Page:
Now wildfowling is very different. I am generally in a muddy gutter and rarely use nets as at best it birds off. I am kneeling if I am lucky and crouched behind a ditch bank. You can’t shift and it is all about moving at the hips or just taking the most comfortable bird out of a skein which is not necessarily the best. If you are unfamiliar with the challenge the pics in my BASC article give a good idea. As for standing and shooting….forget it. I have been lying down shooting more than I have standing. I don’t see anyone practising that at the clay ground 😂 

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The Churchill method emphasizes a smooth, instinctive swing. Sitting with the gun muzzles pointing up in a hide might be risky. It could snag on netting or damage the barrels on poles.

Instead, try starting with the gun resting on your lap, unloaded and broken open. When a pigeon approaches, stand up smoothly and bring the gun straight into shooting position in one motion. This avoids extra movements and keeps the barrels pointed safely away from the hide.

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19 minutes ago, marquesgriffin said:

The Churchill method emphasizes a smooth, instinctive swing. Sitting with the gun muzzles pointing up in a hide might be risky. It could snag on netting or damage the barrels on poles.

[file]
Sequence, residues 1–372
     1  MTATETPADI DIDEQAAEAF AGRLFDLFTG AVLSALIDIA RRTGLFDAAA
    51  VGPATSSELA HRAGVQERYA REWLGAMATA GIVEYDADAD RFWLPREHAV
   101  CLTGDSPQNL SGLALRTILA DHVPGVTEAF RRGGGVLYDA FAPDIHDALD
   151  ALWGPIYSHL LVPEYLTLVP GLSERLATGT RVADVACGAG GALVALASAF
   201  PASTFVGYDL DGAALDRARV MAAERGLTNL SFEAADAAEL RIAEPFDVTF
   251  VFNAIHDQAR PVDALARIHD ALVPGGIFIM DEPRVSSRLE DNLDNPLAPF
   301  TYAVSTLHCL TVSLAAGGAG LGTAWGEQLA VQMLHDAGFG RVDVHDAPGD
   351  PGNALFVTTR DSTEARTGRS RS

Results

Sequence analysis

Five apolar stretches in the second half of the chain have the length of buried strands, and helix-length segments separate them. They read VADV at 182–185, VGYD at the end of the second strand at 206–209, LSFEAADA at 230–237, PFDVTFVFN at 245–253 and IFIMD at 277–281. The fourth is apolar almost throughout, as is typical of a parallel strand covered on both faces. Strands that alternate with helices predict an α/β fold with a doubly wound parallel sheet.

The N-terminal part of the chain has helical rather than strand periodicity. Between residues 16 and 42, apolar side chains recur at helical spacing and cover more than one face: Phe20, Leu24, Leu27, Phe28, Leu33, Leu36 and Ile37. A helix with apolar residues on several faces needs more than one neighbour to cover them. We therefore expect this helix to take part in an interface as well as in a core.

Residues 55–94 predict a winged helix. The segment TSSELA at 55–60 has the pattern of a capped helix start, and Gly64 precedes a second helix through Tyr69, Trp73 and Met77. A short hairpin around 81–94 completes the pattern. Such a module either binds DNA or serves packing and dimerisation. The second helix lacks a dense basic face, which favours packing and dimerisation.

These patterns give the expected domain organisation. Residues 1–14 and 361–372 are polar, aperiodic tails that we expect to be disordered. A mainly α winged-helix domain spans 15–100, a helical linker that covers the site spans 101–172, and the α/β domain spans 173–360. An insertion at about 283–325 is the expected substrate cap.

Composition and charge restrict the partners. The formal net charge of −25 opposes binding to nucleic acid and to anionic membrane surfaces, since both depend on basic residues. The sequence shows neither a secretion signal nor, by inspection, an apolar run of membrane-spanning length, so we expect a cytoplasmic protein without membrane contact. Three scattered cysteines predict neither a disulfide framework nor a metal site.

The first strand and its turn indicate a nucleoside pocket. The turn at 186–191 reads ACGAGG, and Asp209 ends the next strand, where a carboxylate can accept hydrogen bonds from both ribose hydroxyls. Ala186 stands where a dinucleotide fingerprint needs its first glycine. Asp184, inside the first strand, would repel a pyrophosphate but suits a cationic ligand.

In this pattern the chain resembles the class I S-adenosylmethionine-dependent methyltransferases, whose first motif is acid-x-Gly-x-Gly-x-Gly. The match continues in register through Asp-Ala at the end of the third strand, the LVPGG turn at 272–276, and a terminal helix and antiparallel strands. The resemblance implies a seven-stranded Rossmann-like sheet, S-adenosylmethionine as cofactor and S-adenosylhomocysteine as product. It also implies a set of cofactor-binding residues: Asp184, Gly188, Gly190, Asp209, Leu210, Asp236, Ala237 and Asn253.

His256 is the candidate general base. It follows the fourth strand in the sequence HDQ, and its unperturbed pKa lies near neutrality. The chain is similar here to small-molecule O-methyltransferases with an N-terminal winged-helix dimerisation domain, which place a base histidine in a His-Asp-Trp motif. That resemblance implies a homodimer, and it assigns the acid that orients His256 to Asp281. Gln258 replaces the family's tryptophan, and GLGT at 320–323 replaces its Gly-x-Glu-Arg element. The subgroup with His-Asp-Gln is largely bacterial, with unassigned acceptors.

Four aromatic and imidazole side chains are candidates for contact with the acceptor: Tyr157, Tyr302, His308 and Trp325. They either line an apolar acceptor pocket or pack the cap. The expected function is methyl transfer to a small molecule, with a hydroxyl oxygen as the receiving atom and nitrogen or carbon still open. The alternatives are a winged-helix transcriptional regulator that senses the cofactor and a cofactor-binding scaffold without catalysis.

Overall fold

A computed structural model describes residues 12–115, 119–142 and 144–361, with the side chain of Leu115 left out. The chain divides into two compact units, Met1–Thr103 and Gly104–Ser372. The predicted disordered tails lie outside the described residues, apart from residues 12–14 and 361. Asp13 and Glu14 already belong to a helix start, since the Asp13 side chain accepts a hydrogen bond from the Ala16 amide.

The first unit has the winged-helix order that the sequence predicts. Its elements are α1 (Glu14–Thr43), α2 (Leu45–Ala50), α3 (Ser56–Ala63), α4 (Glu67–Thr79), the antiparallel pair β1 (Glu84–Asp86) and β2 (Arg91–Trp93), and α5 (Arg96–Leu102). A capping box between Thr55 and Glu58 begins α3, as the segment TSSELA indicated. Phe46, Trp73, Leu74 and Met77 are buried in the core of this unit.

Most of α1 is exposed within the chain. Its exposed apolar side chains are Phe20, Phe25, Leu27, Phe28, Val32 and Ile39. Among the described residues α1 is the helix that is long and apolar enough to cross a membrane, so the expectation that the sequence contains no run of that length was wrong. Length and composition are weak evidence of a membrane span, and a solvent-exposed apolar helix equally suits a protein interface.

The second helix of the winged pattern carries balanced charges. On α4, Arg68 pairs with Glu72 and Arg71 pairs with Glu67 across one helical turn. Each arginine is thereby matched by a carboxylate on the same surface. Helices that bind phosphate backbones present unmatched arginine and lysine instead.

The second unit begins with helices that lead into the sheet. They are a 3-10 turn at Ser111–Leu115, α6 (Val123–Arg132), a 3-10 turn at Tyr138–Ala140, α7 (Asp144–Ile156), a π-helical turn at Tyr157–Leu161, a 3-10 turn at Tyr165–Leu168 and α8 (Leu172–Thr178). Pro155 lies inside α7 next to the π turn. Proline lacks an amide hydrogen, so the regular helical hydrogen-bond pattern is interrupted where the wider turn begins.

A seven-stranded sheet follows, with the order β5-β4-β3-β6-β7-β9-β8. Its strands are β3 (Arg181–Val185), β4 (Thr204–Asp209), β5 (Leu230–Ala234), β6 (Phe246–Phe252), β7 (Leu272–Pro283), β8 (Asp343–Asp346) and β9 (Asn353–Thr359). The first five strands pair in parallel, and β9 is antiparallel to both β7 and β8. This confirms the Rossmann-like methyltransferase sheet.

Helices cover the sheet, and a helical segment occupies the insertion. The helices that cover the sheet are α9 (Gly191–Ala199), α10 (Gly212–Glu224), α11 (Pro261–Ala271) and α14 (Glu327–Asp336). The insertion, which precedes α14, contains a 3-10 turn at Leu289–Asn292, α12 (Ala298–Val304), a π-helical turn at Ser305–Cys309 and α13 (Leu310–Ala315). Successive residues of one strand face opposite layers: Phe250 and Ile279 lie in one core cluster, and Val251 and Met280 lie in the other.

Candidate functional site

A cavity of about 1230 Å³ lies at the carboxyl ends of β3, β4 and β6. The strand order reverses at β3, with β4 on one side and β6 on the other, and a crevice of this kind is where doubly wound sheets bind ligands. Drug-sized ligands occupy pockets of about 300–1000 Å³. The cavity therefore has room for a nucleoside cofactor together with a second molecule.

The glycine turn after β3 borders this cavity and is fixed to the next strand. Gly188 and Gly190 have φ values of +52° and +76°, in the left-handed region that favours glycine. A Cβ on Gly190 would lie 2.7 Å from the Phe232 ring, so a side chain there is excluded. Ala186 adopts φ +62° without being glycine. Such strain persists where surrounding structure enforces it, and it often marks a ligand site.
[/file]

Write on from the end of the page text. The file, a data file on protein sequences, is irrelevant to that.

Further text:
Instead, try starting with the gun resting on your lap, unloaded and broken open. When a pigeon approaches, stand up smoothly and bring the gun straight into shooting position in one motion. This avoids extra movements and keeps the barrels pointed safely away from the hide.

You forgot loading the gun then closing it. Hardly one motion, certainly not smooth.

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Posted (edited)
1 hour ago, marquesgriffin said:

The Churchill method emphasizes a smooth, instinctive swing. Sitting with the gun muzzles pointing up in a hide might be risky. It could snag on netting or damage the barrels on poles.

Instead, try starting with the gun resting on your lap, unloaded and broken open. When a pigeon approaches, stand up smoothly and bring the gun straight into shooting position in one motion. This avoids extra movements and keeps the barrels pointed safely away from the hide.

What I really object to about AI is the cobbled together nonsense replies like this - that, and the ungodly amount of resources consumed to bring them to us...

Edited by PeterHenry